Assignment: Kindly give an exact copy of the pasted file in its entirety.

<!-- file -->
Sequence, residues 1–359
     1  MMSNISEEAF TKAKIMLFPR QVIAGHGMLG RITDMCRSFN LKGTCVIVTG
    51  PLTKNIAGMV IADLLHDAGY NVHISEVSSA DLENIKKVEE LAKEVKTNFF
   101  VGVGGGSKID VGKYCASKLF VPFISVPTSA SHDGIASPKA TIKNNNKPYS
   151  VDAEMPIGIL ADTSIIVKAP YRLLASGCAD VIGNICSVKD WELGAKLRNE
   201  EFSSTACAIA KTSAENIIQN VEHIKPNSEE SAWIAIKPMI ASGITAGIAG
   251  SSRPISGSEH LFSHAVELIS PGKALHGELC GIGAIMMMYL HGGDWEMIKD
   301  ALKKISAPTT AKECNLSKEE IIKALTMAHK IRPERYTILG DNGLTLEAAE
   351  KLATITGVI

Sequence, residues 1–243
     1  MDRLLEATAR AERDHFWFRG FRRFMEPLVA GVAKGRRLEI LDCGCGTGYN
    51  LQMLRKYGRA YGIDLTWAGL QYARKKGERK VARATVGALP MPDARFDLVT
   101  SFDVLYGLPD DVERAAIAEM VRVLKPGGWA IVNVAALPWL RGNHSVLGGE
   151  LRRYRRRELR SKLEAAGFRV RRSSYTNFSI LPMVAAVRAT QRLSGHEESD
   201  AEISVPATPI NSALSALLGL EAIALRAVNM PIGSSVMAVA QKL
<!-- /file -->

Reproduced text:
Sequence, residues 1–359
     1  MMSNISEEAF TKAKIMLFPR QVIAGHGMLG RITDMCRSFN LKGTCVIVTG
    51  PLTKNIAGMV IADLLHDAGY NVHISEVSSA DLENIKKVEE LAKEVKTNFF
   101  VGVGGGSKID VGKYCASKLF VPFISVPTSA SHDGIASPKA TIKNNNKPYS
   151  VDAEMPIGIL ADTSIIVKAP YRLLASGCAD VIGNICSVKD WELGAKLRNE
   201  EFSSTACAIA KTSAENIIQN VEHIKPNSEE SAWIAIKPMI ASGITAGIAG
   251  SSRPISGSEH LFSHAVELIS PGKALHGELC GIGAIMMMYL HGGDWEMIKD
   301  ALKKISAPTT AKECNLSKEE IIKALTMAHK IRPERYTILG DNGLTLEAAE
   351  KLATITGVI

Sequence, residues 1–243
     1  MDRLLEATAR AERDHFWFRG FRRFMEPLVA GVAKGRRLEI LDCGCGTGYN
    51  LQMLRKYGRA YGIDLTWAGL QYARKKGERK VARATVGALP MPDARFDLVT
   101  SFDVLYGLPD DVERAAIAEM VRVLKPGGWA IVNVAALPWL RGNHSVLGGE
   151  LRRYRRRELR SKLEAAGFRV RRSSYTNFSI LPMVAAVRAT QRLSGHEESD
   201  AEISVPATPI NSALSALLGL EAIALRAVNM PIGSSVMAVA QKL